Feedback: What did you think of this show?:
Guest: Mark Williamson; Topics: Commercial space taking hold on the Florida space coast and at the Cape. Please direct all comments and questions regarding specific Space Show programs & guest(s) to the Space Show blog which is part of archived program on our website, www.thespaceshow.com. Comments and questions should be relevant to the specific Space Show program. Written Transcripts of Space Show programs are a violation of our copyright and are not permitted without prior written consent, even if for your own use. We do not permit the commercial use of Space Show programs or any part thereof, nor do we permit editing, YouTube clips, or clips placed on other private channels & websites. Space Show programs can be quoted, but the quote must be cited or referenced using the proper citation format. Contact The Space Show for further information. In addition, please remember that your Amazon purchases can help support The Space Show/OGLF. See www.onegiantleapfoundation.org/amazon.htm.
We welcomed Mark Williamson from the UK back to the show to discuss his two recent articles, "New Space Mecca" in the July/August edition of Aerospace America (www.aerospaceamerica.org/Documents/Aerospace_America_PDFs_2016/July-August2016/NewSpaceMecca_Feature4_AeroAmericaJul-Aug2016.pdf) and "Commerce At The Cape" in E&T Magazine (http://eandt.theiet.org/magazine/2016/07/kennedy-space-center.cfm). During the first segment of our 86 minute program, Mr. Williamson provided us with an overview of commercial space happenings at the Cape since the shuttle was retired and the Constellation program was cancelled. He said today much was happening at the Cape and that it was being transitioned into at least a partial commercial spaceport. Our guest took time to define spaceports from both a domestic and international perspective. He talked about the mix of commercial contractors at Kennedy Space Center (KSC) and how that number has changed over the years as compared to NASA civil servants. He also said that in 2015 there were 10 government launches at the Cape and 6 commercial launches.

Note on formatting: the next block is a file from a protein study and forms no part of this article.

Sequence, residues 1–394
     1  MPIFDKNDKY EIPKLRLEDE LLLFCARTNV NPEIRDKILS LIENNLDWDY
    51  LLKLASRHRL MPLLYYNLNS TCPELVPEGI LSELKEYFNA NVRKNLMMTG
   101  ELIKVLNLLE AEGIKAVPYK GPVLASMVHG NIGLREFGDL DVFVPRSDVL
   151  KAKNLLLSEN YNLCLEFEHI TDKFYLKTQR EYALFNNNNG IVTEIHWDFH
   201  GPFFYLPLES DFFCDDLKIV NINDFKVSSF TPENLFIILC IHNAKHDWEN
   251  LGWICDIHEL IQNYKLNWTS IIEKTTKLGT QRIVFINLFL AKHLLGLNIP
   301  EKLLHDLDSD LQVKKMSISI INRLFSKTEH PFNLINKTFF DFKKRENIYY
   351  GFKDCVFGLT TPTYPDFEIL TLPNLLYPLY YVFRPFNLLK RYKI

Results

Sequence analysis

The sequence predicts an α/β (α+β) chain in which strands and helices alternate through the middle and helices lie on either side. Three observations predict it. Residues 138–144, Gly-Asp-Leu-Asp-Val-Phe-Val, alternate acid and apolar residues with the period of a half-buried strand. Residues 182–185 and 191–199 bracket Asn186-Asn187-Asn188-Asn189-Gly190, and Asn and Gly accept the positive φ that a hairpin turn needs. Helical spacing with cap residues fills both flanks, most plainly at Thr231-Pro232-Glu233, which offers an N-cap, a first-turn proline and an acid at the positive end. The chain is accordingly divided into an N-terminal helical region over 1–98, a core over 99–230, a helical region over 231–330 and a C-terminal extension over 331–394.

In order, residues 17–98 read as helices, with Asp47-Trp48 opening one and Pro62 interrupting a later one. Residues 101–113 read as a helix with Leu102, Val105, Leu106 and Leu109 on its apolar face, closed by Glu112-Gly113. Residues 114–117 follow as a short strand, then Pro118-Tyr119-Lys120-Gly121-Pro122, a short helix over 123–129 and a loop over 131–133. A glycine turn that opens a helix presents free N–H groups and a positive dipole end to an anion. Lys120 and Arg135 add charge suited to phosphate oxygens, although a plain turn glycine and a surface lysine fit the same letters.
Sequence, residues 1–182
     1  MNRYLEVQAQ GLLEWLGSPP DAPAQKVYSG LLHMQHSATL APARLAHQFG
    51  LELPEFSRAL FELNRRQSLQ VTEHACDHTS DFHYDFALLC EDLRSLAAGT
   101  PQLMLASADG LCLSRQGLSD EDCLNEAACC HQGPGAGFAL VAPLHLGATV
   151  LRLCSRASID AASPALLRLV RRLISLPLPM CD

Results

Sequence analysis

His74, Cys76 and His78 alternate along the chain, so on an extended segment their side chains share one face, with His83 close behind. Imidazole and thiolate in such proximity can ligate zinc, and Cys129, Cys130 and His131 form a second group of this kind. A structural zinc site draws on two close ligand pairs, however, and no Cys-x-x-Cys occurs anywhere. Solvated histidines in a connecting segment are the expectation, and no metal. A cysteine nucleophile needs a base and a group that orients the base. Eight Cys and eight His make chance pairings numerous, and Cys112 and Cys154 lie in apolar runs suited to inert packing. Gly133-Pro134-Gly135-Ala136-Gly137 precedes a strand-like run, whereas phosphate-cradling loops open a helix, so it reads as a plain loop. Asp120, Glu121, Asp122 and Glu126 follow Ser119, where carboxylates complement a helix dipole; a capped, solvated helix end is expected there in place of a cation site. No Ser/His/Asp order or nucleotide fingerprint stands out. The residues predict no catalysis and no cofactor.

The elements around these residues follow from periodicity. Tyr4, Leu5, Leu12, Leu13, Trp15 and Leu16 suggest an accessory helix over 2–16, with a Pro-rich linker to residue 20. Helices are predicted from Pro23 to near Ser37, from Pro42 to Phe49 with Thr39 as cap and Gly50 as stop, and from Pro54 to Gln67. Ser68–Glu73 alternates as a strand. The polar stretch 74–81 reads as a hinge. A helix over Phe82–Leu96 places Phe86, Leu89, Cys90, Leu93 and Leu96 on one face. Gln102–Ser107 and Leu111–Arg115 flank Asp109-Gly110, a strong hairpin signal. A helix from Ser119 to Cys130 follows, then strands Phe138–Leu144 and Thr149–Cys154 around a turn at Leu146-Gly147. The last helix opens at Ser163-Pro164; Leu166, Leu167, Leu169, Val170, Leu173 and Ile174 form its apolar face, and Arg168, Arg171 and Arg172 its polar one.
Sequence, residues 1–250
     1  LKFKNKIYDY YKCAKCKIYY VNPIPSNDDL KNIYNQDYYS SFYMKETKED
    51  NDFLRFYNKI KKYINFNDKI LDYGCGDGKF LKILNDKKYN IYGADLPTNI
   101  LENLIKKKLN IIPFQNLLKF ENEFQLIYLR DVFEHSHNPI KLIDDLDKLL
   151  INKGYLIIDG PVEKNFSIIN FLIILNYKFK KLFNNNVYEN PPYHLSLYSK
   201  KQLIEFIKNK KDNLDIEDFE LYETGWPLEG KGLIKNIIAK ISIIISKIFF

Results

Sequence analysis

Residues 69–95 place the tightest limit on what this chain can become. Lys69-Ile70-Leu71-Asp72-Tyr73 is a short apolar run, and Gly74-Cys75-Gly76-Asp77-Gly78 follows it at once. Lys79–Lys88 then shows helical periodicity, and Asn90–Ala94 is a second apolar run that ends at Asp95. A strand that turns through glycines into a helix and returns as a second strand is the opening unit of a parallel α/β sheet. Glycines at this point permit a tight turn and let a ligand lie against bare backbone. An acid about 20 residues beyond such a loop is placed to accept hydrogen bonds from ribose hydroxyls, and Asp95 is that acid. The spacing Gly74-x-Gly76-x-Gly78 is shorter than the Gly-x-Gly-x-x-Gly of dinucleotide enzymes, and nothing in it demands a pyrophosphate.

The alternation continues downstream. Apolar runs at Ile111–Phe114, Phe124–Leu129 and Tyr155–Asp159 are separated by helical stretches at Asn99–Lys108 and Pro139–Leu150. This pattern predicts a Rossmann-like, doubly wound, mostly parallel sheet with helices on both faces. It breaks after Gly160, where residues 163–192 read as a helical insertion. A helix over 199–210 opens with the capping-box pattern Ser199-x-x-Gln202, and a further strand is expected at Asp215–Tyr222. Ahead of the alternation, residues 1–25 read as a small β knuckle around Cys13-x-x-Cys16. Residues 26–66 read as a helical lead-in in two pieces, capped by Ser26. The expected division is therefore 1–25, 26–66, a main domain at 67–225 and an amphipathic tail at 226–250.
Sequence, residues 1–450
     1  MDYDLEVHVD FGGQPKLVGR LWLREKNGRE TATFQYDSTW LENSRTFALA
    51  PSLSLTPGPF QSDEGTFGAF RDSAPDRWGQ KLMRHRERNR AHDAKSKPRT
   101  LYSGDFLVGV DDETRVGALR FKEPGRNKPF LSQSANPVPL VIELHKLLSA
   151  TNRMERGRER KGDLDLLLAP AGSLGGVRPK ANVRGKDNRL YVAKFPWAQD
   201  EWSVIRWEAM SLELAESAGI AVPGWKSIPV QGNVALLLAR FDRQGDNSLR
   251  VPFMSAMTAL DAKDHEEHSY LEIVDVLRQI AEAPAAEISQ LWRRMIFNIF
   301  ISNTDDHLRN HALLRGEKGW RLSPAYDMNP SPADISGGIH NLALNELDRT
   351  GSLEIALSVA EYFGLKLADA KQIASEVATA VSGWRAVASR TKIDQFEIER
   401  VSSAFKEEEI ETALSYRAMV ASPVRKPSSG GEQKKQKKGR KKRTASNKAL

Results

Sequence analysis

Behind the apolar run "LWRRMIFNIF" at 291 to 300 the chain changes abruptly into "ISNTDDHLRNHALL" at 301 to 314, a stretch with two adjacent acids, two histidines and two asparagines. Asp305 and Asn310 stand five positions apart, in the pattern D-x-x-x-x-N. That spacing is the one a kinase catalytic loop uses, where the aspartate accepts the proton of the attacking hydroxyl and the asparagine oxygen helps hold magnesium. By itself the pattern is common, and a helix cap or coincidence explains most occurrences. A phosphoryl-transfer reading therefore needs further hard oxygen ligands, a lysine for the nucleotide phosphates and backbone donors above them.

In response to questions, he said that the commercial sector was stepping up to the plate and starting to carry its load. He spoke highly of the entrepreneurial efforts underway. He then talked specifics with several examples citing Launch Pad 39A being worked over by SpaceX for the Falcon Heavy. He also mentioned Launch Complex 39B being remodeled as a clean pad design for various commercial rockets in a sort of plug and play way plus the SLS.
Mark addressed th non-launch part of the industry which has been picking up steam at the Cape. He referenced the development of a key industrial park known as Exploration Park, plus he talked about Blue Origin facilities being built at the Cape along with OneWeb opening up at the Cape.
Listener John in San Diego asked about the other Florida spaceports. Another listener asked about government incentives to bring space businesses to Florida. Here, our mentioned Space Florida which is the state economic authority with a purpose of building up the Florida space economy. Later, Mark talked about repurposing NASA buildings at the Cape including the VAB which Orbital ATK is using , the commercial use of the High Bay facilities, and Moon Express redoing launch complex 17 and 18 which were former Delta facilities. Listener Randy wanted to know if there would be an adverse impact on the Cape when SpaceX started flying out of Brownsville, TX. Before the segment ended, Carl in Boston wanted to know about the ISS ending timeline and the impact of not having an ISS anymore on business and activity at the Cape. Before the segment ended, our guest brought up safety issues regarding human spaceflight.
In the second segment, Mark was asked about commercial space activities in Europe, with ESA and in other space countries. Also if public-private partnerships were being used in Europe and ESA. Mark talked about commercial space growth in the UK and with ESA as well as the use of the public-private partnership.
Mark was also asked about the risk of an increasing regulatory regime and what impact that might have on commercial space activities. Don't miss what we both had to say about the political risks of increasing regulations.
Another listener asked Mark about the British general population and their interest in space and knowledge of it, especially commercial space. The also wanted to know if the idea of going to Mars was as common and as popular as it is in some markets in the States. Mark was then asked about national security space and dual use technologies, especially in terms of going to Mars. He had much to say on these issues, did not really care much for the dual use technology terms and said it was a false argument. Don't miss how he explained this to listeners.
As the program was drawing to a close, Tim from Huntsville asked about space mining and the gravity environment, especially as it might apply to the Moon. Cindy sent in a note asking if there were any competitive spaceports to Florida. Mark said no. Jim wanted to know about modernizing the federal ranges and tracking systems.
Mark offered us closing comments and take aways so be sure to listen to what he had to say as we brought our discussion to an end. Please post your comments/questions in the comments section of this archived program on TSS website. You can reach Mark Williamson through me or his articles.